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Anticommunist Resistance

The method of communism is a broad based attempt at international misunderstanding; it is an attempt to fragment the human world into pieces that do not belong together and have nothing to say to each other. How is is that what is good on the one hand cannot and should not be good on the other; it is as if people here and there were not physiologically and morally the same.

Karel Čapek: Why I am not a communist (1924)

The anti communist resistance is often associated with the period from the 25th of February 1948 to the 17th of November 1989. It is thus defined by Act No. 262/2011 Coll., on participants in the resistance and revolt against communism, on the basis of which several thousand people have been awarded for their activity against the totalitarian regime. It is often referred to as the third resistance, which followed the anti-Austrian and anti-Nazi resistance. This interpretation narrows the anti communist resistance to the followers of the First Republic traditions. In fact, it was broader and also included, for example, supporters of Slovak independence. It is important to recall that a number of personalities and political tendencies were opposed to communist ideology before February 1948. After 1917, tens of thousands of Czechoslovak legionaries already had first hand experience with the Bolsheviks.
Forms of anti communist resistance gradually changed. Until 1956, there was also significant armed opposition, developed by a number of resistance groups. They were partly organised in exile with help of western secret services. In 1949, the Council of Free Czechoslovakia was established. An important role was played by radio stations, in particular Rádio Svobodná Evropa.(Radio Free Europe). Prohibited books and magazines as well as those written in exile were smuggled into Czechoslovakia. After 1956, the resistance manifested itself in other forms, mainly through petitions, the publication and distribution of samizdat (self publishing), and the formation of opposition groups. The Club of Committed Non-Partisans and K 231 were active during the Prague Spring. In December 1976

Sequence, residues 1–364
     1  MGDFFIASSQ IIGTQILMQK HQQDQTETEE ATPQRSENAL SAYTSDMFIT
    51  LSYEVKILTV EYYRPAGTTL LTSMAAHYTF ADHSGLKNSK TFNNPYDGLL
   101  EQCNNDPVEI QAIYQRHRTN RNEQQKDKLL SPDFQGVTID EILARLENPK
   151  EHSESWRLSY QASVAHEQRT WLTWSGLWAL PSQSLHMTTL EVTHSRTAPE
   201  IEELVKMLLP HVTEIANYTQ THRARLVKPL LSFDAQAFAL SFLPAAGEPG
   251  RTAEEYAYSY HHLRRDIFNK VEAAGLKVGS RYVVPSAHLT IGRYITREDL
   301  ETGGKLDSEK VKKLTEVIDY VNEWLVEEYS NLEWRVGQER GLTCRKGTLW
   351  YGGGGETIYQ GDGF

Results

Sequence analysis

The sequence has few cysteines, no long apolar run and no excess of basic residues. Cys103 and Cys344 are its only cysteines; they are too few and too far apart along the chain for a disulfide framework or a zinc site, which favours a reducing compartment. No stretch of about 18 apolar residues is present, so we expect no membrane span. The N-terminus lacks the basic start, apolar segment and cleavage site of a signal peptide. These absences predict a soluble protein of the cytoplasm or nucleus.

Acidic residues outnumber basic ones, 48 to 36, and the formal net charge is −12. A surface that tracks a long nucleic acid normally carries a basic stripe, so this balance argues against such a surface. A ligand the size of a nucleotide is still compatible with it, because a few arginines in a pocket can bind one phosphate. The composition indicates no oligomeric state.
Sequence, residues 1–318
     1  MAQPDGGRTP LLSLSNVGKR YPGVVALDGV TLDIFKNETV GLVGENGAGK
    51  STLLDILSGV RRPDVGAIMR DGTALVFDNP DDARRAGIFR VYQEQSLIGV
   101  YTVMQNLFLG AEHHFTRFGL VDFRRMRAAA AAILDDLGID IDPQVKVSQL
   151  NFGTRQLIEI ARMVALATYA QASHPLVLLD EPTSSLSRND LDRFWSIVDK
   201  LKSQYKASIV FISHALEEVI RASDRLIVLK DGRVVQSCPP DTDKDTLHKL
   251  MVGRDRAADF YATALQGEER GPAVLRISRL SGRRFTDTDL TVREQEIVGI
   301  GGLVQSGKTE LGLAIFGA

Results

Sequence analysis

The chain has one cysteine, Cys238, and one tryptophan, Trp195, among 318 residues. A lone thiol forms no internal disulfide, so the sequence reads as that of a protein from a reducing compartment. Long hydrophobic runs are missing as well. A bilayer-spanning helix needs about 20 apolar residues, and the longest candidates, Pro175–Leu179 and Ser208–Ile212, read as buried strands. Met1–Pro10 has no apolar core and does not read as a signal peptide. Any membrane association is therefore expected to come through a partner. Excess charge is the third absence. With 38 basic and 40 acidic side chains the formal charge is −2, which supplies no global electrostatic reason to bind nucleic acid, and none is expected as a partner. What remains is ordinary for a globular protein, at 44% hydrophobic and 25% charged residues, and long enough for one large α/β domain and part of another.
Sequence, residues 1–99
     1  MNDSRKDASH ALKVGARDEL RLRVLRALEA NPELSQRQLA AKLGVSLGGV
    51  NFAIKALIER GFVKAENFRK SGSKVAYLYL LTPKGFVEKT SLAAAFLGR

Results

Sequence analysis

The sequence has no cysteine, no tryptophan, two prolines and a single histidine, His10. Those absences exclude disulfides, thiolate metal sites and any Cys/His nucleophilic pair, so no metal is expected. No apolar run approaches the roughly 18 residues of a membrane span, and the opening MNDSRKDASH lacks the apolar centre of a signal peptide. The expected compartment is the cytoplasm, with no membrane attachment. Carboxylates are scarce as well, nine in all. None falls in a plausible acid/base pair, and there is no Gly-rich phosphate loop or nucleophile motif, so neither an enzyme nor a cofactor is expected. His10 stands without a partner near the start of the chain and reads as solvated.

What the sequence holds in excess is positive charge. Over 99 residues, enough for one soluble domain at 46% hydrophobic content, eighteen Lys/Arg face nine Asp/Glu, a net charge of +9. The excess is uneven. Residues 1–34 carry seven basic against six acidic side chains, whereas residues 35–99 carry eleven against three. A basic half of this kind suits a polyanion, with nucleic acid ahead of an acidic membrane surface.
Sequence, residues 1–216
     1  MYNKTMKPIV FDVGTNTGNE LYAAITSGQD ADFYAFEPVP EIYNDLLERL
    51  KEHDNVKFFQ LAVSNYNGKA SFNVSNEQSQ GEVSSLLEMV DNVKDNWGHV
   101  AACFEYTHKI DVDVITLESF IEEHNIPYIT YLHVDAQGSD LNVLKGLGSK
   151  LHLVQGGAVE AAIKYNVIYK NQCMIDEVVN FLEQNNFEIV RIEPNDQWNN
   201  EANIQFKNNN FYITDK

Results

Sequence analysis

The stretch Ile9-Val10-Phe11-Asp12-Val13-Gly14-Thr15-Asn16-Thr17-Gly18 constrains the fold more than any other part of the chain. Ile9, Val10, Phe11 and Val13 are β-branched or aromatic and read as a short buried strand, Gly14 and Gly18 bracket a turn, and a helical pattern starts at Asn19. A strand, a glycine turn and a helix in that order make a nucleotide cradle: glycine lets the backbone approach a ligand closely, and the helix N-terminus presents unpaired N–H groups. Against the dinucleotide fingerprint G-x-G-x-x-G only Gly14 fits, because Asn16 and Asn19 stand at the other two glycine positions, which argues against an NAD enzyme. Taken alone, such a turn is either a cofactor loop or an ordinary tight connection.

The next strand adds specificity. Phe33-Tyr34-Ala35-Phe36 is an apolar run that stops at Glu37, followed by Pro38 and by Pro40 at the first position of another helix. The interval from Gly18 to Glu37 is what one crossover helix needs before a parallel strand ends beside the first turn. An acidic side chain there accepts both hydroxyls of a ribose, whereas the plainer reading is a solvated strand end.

Charter 77 was established and the Committee for the Defence of the Unjustly Prosecuted was active from April 1978. In the late 1980s, a number of independent initiatives emerged, including the Civil Liberties Movement and the Democratic Initiative. A different situation prevailed in Slovakia, where the opposition was associated primarily with the Catholic Church.

One of the resistance groups was founded by the sons of the hero of the anti-Nazi resistance, Lt. Colonel Josef Mašína. Zleva Ctirad and Josef Mašínovi (archive of Zdena Mašínova)

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The studio of the Czech editors of Radio Free Europe in Munich (archive of Pavla Tigrida)

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Many participants in the third resistance ended up on the execution ground, including JUDr. Milada Horáková (National archive)

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This joke was sketched by Vladivoj Tomek. It was confiscated in December 1959 during a house search. On the 17th of November 1960, Tomek was the last anti communist resistance fighter to be executed (ABS)

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A leaflet from Independent Initiatives with an invitation to a demonstration on the 28th of October 1988 (Libri prohibiti)